In a tremendous, and essential article for Project Syndicate, Nobel laureate Edmund Phelps, and regular reader Saifedean Ammous team up to obliterate the view that the West is at present a capitalist system, and that the problems of the West are problems of capitalism:
The term “capitalism” used to mean an economic system in which capital was privately owned and traded; owners of capital got to judge how best to use it, and could draw on the foresight and creative ideas of entrepreneurs and innovative thinkers. This system of individual freedom and individual responsibility gave little scope for government to influence economic decision-making: success meant profits; failure meant losses. Corporations could exist only as long as free individuals willingly purchased their goods – and would go out of business quickly otherwise.
Capitalism became a world-beater in the 1800’s, when it developed capabilities for endemic innovation. Societies that adopted the capitalist system gained unrivaled prosperity, enjoyed widespread job satisfaction, obtained productivity growth that was the marvel of the world and ended mass privation.
Now the capitalist system has been corrupted. The managerial state has assumed responsibility for looking after everything from the incomes of the middle class to the profitability of large corporations to industrial advancement. This system, however, is not capitalism, but rather an economic order that harks back to Bismarck in the late nineteenth century and Mussolini in the twentieth: corporatism.
In various ways, corporatism chokes off the dynamism that makes for engaging work, faster economic growth, and greater opportunity and inclusiveness. It maintains lethargic, wasteful, unproductive, and well-connected firms at the expense of dynamic newcomers and outsiders, and favors declared goals such as industrialization, economic development, and national greatness over individuals’ economic freedom and responsibility. Today, airlines, auto manufacturers, agricultural companies, media, investment banks, hedge funds, and much more has at some point been deemed too important to weather the free market on its own, receiving a helping hand from government in the name of the “public good.”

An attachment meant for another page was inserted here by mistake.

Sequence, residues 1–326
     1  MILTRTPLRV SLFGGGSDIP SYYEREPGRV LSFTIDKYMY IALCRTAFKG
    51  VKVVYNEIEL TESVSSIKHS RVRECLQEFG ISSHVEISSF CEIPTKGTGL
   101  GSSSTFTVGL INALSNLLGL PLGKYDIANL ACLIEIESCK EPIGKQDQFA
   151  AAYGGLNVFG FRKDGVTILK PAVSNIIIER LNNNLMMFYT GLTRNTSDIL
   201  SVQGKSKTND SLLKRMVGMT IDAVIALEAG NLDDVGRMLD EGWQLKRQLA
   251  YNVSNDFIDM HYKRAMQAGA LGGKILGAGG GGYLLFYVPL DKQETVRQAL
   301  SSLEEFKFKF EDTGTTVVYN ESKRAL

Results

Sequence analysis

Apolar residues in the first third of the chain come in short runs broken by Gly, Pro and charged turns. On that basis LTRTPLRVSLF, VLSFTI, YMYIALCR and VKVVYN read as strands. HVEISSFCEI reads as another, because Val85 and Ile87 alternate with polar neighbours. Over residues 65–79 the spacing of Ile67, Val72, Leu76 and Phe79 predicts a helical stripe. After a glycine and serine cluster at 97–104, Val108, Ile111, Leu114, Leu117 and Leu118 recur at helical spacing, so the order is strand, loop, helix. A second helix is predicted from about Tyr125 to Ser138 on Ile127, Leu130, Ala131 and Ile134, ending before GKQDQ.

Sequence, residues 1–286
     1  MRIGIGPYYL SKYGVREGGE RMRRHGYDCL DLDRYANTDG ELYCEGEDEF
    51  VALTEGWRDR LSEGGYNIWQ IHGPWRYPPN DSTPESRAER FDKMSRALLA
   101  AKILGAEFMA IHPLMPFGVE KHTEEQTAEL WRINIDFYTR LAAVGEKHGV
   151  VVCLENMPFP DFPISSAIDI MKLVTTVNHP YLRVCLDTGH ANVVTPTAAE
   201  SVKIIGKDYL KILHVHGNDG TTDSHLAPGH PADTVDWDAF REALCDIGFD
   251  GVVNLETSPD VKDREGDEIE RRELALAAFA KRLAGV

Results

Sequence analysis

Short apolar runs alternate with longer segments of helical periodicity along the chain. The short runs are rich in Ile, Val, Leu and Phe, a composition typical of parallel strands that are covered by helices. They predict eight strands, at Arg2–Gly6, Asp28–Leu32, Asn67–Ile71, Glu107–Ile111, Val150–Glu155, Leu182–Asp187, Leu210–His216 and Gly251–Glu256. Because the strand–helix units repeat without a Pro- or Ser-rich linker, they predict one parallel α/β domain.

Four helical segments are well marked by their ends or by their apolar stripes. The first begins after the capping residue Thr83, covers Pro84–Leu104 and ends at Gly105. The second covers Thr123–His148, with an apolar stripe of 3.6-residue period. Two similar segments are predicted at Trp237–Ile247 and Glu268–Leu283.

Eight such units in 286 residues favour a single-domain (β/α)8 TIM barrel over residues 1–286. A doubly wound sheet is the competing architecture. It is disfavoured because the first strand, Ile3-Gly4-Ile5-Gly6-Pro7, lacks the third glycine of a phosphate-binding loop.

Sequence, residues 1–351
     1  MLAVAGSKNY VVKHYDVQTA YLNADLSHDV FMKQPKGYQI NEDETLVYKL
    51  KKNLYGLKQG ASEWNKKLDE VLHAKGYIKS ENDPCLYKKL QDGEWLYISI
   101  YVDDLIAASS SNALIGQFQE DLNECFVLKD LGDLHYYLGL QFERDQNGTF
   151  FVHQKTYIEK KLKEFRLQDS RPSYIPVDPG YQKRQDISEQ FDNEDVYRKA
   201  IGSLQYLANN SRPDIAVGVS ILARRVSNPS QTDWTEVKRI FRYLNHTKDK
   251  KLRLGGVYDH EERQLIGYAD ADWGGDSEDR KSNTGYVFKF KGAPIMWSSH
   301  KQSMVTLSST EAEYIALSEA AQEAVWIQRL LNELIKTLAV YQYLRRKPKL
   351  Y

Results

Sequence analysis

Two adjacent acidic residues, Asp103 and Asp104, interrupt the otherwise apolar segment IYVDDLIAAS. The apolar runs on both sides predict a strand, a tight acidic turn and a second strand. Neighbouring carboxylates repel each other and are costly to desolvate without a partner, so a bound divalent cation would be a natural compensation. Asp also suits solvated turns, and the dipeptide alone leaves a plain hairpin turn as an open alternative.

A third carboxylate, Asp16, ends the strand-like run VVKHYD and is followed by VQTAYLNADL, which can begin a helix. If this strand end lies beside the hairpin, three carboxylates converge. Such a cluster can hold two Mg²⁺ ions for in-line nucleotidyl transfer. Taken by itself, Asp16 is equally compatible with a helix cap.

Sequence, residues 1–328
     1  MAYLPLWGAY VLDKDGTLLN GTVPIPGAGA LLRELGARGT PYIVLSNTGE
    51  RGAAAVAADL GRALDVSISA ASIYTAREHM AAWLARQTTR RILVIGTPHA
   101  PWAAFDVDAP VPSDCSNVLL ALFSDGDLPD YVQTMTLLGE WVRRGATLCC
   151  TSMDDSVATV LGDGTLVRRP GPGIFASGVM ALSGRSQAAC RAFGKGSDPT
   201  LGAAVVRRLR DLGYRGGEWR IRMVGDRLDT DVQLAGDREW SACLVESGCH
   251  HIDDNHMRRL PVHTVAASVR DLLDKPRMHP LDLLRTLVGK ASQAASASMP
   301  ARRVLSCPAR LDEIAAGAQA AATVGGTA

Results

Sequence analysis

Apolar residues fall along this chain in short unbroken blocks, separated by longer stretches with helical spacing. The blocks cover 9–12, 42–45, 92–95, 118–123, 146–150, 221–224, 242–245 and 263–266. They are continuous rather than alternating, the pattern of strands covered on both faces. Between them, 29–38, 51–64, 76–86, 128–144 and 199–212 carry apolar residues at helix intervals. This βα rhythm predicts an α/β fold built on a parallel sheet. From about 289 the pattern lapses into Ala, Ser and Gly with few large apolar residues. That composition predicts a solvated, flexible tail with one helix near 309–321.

The costs of corporatism are visible all around us: dysfunctional corporations that survive despite their gross inability to serve their customers; sclerotic economies with slow output growth, a dearth of engaging work, scant opportunities for young people; governments bankrupted by their efforts to palliate these problems; and increasing concentration of wealth in the hands of those connected enough to be on the right side of the corporatist deal.
I too have spent a whole lot of energy and time lambasting our present system of corporatism.
The trouble is, the advocates of the status quo, and everything that means — government intervention in markets, central planning of the economy, the welfare-warfare state, bailouts, huge deficits, surveillance (for the purposes of taxation) and so forth — do not see themselves as corporatists, so much as they see themselves as go-gooders who want to “manage” the economy to a better place. They oppose the free market because they believe they know better than the market. They believe that our system today is a form of “constrained” capitalism which averts its worse excesses. Most significantly, they believe that the problems with the present system — income inequality and corporate power — are problems of capitalism, and that freer markets would make these problems worse.
As Ammous and Phelps suggest, they are blaming “capitalism” for the problems of corporatism.
There is strong evidence against doing so.
The growth in corporate power and income inequality seems to be largely an outgrowth of giving banks a monopoly over credit creation. In 1971, Richard Nixon severed the link between the dollar and gold, expanding the monopoly on credit creation to a carte blanche to print huge new quantities of dollars and give them to their friends.